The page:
A 2012 Massachusetts shelter eligibility regulation required many families to spend a night in a location “not meant for human habitation” before qualifying for the state-run shelter system, and many families experiencing homelessness stayed in pediatric emergency departments (EDs) overnight to meet this requirement. ED clinicians initially recognized an increase in ED visits for homelessness after this regulation and began compiling and sharing stories with key institutional and community partners and stakeholders. To bolster advocacy efforts, the authors collected data on the magnitude of the problem and its associated health care costs. Guided by the policy knowledge of community partners, the authors leveraged the expertise and advocacy power of clinicians to share these data and stories with legislators via written and oral testimony, community events, and the media. Academic publication lent additional credibility and exposure to their research. In 2019, the Massachusetts Legislature passed budget language to overturn the 2012 shelter eligibility regulation. However, despite this policy victory, some families continue to present to EDs for homelessness. Therefore, current advocacy efforts have shifted focus toward implementation and enforcement of the new policy, monitoring issues, and developing new programmatic responses. In this advocacy case study, we illustrate how clinicians have unique abilities to serve as effective advocates for social policy change using a framework of strategies including storytelling, coalition building, tailored communication, and data sharing. Partnering with existing advocacy networks within their institution and community enhances the advocacy efforts of all stakeholders to influence social and health outcomes for children and families.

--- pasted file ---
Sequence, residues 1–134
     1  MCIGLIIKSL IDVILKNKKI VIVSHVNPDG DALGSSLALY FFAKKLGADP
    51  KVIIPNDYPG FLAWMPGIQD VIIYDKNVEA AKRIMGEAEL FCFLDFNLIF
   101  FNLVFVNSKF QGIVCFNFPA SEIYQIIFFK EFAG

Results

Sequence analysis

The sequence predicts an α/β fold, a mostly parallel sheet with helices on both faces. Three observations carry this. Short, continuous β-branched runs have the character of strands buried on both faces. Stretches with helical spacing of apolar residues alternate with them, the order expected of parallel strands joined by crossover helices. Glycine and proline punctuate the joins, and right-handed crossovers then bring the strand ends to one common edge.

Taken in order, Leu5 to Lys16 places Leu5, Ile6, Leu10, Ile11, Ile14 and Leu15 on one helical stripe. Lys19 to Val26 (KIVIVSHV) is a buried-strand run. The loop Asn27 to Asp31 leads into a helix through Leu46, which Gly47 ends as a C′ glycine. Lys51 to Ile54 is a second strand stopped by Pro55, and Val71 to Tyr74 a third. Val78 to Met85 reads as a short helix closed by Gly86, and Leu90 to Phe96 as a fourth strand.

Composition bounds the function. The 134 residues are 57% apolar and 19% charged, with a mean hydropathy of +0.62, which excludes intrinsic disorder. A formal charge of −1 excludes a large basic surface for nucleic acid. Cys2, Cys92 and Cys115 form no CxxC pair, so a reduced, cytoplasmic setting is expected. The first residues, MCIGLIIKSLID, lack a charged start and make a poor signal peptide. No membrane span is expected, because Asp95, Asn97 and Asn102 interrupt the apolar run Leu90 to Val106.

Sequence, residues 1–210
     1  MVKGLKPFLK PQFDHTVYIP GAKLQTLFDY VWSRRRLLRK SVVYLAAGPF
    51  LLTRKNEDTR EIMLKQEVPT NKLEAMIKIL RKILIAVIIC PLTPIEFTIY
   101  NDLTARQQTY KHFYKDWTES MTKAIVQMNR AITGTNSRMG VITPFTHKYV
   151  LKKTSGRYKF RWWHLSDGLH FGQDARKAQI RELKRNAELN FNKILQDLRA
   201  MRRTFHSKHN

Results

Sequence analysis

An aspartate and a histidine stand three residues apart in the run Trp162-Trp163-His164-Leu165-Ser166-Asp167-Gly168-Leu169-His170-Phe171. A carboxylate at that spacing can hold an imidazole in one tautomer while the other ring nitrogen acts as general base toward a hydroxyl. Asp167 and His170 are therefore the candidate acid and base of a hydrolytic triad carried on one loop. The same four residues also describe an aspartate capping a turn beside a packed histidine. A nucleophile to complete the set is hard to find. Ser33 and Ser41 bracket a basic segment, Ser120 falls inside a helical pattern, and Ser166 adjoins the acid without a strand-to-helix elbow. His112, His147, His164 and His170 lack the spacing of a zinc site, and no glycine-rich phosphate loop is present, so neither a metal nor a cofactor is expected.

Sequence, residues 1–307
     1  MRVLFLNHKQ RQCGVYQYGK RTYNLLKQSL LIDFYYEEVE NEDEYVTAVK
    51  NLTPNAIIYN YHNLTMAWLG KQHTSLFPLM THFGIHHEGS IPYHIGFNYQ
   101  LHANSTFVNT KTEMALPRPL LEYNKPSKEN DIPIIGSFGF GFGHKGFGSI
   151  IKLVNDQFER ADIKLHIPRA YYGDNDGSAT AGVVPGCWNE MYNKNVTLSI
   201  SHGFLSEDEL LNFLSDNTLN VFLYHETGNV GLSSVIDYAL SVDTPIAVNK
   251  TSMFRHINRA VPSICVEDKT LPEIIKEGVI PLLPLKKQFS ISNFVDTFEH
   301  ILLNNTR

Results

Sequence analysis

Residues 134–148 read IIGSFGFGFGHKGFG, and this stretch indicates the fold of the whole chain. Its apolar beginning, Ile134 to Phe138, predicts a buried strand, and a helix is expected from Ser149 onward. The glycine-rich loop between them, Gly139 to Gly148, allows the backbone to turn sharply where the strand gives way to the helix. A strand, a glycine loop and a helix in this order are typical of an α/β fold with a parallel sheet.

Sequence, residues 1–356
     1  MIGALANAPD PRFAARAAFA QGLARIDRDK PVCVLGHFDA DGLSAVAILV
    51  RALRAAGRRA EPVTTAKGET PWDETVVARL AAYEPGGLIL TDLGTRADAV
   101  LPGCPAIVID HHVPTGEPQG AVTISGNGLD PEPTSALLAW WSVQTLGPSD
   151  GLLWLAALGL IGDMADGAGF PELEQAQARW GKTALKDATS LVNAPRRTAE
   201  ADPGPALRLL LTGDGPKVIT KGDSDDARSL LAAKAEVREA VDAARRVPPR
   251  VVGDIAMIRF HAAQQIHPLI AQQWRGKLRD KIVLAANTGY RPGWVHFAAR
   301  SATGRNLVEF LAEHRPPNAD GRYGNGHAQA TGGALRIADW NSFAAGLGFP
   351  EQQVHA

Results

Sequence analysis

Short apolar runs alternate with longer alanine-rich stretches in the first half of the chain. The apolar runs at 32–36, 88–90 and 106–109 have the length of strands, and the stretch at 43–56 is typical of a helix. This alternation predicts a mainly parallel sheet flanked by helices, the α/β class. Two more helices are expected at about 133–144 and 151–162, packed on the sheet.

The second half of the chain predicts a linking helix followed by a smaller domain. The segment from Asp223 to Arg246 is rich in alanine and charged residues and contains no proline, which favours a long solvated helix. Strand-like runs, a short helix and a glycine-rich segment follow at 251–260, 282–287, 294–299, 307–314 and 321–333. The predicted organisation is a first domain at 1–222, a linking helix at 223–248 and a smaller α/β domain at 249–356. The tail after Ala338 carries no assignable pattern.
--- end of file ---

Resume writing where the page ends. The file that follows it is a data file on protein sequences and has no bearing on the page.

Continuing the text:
Community-Academic Advocacy to Improve Shelter Access for Families Experiencing Homelessness
Mia Kanak, Kelly Turley, Lois K. Lee, Megan Sandel, Amanda M. Stewart; Community-Academic Advocacy to Improve Shelter Access for Families Experiencing Homelessness. Pediatrics February 2023; 151 (2): e2022057935. 10.1542/peds.2022-057935
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